Virat Kohli, who led India to an emphatic 5-0 series whitewash over Zimbabwe, on Saturday credited his success as captain to Mahendra Singh Dhoni and said he is learning the tricks of the trade "from the big man himself". (Match report)
Under Kohli's leadership, India created history by recording their first-ever five-match ODI series whitewash on foreign soil after they thrashed Zimbabwe by seven wickets in the fifth and final cricket one-dayer here.
Asked how difficult was to captain the side, Kohli, who has led India in the series in Dhoni's absence, said, "It is a team of very talented players, it is not that difficult as captain, it is not difficult to motivate them. (Highlights)
"(It has) gone well so far, but I can only learn from the big man (Dhoni) himself. I have learned a few tactics from him and used them on the field," he said.
"I have not changed my attitude as far as batting goes, and tried to take responsibility in the middle order.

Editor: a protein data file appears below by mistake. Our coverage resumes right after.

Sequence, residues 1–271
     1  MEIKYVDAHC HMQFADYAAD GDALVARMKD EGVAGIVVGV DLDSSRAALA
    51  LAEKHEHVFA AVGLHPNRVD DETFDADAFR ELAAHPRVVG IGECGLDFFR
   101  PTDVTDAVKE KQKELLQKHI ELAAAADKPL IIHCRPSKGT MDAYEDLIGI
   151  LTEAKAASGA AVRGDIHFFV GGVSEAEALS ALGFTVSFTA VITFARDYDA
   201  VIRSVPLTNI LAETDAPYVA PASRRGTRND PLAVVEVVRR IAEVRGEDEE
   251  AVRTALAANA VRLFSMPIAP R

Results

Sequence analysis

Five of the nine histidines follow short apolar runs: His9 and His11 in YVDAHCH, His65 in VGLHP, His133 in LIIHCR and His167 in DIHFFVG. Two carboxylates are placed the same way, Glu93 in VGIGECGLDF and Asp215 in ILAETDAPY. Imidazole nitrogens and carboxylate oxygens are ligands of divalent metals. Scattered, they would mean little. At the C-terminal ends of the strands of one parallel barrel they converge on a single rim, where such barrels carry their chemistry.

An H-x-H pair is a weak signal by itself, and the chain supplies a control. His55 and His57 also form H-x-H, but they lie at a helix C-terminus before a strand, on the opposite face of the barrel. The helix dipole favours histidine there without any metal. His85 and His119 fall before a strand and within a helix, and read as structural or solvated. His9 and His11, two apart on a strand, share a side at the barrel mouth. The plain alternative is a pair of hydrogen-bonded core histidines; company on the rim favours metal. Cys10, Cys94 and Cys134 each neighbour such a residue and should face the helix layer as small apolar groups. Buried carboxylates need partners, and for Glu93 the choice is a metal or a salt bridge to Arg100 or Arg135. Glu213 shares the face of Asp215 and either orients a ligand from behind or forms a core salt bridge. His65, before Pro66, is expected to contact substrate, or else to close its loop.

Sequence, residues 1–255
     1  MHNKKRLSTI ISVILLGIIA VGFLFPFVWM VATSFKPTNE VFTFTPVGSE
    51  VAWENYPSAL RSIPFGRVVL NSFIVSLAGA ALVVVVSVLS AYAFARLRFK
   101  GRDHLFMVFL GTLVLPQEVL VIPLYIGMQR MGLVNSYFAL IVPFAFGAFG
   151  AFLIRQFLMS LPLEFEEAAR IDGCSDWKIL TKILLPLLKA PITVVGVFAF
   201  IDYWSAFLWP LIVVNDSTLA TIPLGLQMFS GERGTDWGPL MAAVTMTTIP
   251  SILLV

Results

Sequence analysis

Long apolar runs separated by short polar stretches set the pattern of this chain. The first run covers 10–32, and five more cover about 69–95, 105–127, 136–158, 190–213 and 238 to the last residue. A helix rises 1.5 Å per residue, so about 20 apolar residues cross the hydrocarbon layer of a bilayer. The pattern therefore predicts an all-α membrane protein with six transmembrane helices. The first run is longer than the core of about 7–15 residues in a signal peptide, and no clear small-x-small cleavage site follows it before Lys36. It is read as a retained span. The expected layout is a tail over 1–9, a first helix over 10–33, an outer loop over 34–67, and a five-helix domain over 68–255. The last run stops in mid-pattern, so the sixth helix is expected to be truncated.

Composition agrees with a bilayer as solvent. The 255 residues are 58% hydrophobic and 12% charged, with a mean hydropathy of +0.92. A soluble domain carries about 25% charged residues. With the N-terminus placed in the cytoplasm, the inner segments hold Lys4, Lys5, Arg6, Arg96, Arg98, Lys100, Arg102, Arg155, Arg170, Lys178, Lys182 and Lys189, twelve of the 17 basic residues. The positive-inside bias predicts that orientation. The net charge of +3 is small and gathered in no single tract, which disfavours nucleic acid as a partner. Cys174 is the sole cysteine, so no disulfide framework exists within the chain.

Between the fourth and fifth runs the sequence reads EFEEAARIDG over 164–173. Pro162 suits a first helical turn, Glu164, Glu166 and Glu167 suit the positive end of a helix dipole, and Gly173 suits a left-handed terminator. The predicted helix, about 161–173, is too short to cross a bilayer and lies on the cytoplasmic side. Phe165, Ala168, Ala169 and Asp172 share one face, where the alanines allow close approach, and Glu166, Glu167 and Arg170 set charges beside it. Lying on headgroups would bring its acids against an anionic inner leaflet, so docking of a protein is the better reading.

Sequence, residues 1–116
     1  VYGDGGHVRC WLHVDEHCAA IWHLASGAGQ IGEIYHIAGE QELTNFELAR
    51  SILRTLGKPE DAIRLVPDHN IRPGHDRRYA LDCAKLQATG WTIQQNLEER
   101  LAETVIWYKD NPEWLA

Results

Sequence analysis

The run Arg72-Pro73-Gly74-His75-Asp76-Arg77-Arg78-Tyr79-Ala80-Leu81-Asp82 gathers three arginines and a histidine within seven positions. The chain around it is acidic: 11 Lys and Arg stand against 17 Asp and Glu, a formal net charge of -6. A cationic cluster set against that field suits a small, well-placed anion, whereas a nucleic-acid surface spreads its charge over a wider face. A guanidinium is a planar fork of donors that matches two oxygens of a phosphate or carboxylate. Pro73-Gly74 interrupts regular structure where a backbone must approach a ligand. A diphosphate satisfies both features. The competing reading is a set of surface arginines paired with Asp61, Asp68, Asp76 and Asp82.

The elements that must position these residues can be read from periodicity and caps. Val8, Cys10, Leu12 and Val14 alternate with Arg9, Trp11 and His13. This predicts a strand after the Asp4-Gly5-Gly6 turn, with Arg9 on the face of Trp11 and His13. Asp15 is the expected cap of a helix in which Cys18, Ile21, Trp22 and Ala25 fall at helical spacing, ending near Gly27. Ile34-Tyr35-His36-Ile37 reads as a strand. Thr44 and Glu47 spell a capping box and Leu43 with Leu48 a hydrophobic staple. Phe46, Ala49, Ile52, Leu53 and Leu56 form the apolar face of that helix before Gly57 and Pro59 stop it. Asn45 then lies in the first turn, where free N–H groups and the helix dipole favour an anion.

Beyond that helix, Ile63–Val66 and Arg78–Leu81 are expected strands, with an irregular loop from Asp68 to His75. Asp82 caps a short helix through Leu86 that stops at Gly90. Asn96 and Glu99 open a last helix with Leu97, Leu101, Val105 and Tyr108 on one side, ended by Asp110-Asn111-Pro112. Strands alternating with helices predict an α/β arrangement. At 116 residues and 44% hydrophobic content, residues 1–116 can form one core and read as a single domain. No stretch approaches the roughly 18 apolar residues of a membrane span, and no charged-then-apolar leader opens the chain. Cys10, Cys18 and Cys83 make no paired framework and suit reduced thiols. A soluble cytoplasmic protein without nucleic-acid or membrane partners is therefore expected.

"It has been a beautiful thing to be part of this team and now to lead it. This is an eager bunch of 15 who have gone out there and performed," the talented right-hander added.
Riding on leg-spinner Amit Mishra's (6/48) career-best six wicket haul, India first bowled out Zimbabwe for a paltry 163 in 39.5 overs and then chased down the small target comfortably with 16 overs to spare at Queens Sports Club.
"To be honest, the first two games were pretty well fought out by Zimbabwe, but we stepped up in the next three. I am pretty happy with the way the guys have played in the series," Kohli said about the series which India pocketed with consummate ease. (Related: Omar Abdullah lashes out at BCCI for not fielding Parvez Rasool)
After India took an unassailable 3-0 lead in the series, the team management was expected to give all the bench players a chance.
Quite a few of them like Mohit Sharma, Ajinkya Rahane and Cheteshwar Pujara got the call in the last two ODIs except for Jammu and Kashmir all-rounder Parvez Rasool, who now has to wait for some more time to make his international debut.